And Dr. Iris C. Gibbs, associate dean of MD admissions and professor of radiation oncology at Stanford Medicine, tells Yahoo Life that the school has experienced an approximately 50 percent increase over its previous record year of applications.

Why is this happening now? It’s hard to say for sure. Some have cited the calming guidance of Dr. Anthony Fauci, director of the National Institute of Allergy and Infectious Diseases. “Dr. Fauci is a wonderful mentor in medicine as a goal of what to aspire to,” Dr. Jessica Shepherd, an ob-gyn and surgeon in Texas, tells Yahoo Life. “Hopefully his consistency and medical acumen will encourage others.”

Infectious disease expert Dr. Amesh A. Adalja, senior scholar at the Johns Hopkins Center for Health Security, tells Yahoo Life that there are “many factors” causing the increase but adds, “I would like to think it is because physicians have really been seen shining during this pandemic, which has touched everyone’s lives.”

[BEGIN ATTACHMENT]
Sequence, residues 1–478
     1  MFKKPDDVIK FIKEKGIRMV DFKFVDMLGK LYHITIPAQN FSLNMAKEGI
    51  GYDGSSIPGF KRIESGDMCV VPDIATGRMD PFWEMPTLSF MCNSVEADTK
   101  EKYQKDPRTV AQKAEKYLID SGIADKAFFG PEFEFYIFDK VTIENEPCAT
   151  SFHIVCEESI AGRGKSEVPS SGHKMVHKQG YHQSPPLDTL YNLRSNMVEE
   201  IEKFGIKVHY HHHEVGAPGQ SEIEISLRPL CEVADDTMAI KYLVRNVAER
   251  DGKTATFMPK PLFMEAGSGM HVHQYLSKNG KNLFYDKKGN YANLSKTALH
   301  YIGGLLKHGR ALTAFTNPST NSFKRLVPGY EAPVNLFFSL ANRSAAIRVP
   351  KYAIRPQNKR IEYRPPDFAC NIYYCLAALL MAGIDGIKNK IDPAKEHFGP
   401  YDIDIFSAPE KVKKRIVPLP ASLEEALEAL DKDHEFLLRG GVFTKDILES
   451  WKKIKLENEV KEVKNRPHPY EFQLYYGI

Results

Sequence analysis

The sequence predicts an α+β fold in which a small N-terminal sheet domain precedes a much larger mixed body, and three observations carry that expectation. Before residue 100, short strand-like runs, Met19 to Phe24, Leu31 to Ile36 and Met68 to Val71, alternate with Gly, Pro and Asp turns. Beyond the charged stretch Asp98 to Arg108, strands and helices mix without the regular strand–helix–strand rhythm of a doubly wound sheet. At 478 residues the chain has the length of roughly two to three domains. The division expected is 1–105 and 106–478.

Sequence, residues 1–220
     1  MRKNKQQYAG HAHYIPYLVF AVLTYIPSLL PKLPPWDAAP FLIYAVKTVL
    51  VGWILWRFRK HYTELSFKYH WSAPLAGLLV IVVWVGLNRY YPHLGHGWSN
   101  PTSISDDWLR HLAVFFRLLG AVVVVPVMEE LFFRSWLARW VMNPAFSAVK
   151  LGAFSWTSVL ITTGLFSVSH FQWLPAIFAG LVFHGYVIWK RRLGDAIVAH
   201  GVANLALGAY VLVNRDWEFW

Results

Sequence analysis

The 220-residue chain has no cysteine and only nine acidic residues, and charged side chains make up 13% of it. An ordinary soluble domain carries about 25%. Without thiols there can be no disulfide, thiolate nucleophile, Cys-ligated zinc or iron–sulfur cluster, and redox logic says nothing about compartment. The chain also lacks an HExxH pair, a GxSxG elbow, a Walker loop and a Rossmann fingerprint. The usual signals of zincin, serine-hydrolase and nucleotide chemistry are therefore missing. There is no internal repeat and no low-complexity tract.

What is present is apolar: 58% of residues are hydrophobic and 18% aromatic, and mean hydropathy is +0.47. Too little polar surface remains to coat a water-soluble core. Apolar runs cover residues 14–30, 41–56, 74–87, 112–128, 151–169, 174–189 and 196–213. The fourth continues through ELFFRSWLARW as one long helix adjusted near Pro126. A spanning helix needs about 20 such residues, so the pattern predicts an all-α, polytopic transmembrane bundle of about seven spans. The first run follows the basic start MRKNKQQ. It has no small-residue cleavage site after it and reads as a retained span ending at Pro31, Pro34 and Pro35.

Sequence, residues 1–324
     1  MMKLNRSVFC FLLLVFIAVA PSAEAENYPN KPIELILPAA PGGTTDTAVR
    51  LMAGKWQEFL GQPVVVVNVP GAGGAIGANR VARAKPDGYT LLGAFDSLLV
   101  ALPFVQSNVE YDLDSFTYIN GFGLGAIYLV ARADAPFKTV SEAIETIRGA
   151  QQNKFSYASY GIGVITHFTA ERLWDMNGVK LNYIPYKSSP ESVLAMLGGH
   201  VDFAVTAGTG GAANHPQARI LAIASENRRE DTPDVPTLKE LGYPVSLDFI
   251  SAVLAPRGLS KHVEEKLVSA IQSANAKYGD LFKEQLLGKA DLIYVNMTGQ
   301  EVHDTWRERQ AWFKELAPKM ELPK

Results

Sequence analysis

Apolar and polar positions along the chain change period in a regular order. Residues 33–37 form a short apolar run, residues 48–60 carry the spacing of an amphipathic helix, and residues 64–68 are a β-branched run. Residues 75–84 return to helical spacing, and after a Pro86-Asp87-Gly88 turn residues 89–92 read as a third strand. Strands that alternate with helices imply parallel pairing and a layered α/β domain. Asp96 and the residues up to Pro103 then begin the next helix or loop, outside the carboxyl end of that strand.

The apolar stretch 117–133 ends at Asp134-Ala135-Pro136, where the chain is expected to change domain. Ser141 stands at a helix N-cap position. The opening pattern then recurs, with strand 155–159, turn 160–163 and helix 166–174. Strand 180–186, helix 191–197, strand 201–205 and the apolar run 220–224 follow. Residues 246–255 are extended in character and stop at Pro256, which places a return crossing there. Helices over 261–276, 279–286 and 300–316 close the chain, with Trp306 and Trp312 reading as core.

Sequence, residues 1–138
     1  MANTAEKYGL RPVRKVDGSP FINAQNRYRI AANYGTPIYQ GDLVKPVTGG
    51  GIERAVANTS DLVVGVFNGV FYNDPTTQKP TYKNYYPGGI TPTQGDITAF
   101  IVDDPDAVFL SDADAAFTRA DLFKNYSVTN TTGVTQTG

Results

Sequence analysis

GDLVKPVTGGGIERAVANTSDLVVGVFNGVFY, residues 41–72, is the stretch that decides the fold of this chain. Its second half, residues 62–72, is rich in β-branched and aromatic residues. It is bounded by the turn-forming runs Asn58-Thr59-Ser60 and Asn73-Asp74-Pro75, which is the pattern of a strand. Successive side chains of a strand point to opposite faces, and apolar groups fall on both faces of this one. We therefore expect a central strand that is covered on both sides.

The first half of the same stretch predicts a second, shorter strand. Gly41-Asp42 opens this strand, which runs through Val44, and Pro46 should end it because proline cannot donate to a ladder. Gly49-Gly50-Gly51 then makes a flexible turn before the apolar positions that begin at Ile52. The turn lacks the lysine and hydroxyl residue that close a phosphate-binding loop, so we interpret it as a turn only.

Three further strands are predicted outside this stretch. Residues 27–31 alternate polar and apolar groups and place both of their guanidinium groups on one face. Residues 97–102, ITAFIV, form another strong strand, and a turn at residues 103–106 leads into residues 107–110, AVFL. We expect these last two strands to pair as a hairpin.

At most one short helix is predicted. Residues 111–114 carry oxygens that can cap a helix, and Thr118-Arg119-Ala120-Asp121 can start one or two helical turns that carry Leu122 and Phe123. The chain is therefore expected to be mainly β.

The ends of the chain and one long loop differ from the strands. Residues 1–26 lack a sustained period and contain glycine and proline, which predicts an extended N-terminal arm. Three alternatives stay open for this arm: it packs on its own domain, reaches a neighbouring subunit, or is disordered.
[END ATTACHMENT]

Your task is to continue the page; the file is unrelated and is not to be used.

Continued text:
People hold signs and cheer to show their gratitude to medical staff and frontline workers in New York City. (John Lamparski/Getty Images)
People hold signs and cheer to show their gratitude to medical staff and frontline workers in New York City. (John Lamparski/Getty Images)

Adalja says it’s “great” if “individuals like Fauci and those taking care of COVID-19 patients on a day-to-day basis are inspiring students to consider medicine as a career.”

Even Fauci himself won’t take responsibility for the spike in medical school applications this year.

“I think it’s a lot more than the Fauci effect,” he told CBS News’ Norah O’Donnell on Monday.

Instead, he pointed to “the incredible bravery of the doctors and nurses and health care providers who put themselves on the frontline every day, risking their own health and those in their families to take care of desperately ill patients,” as a reason for the increase.

“When young people who want to think about something they want to do with their lives think about that ... it’s going to be less the Fauci effect and more the COVID effect,” he said.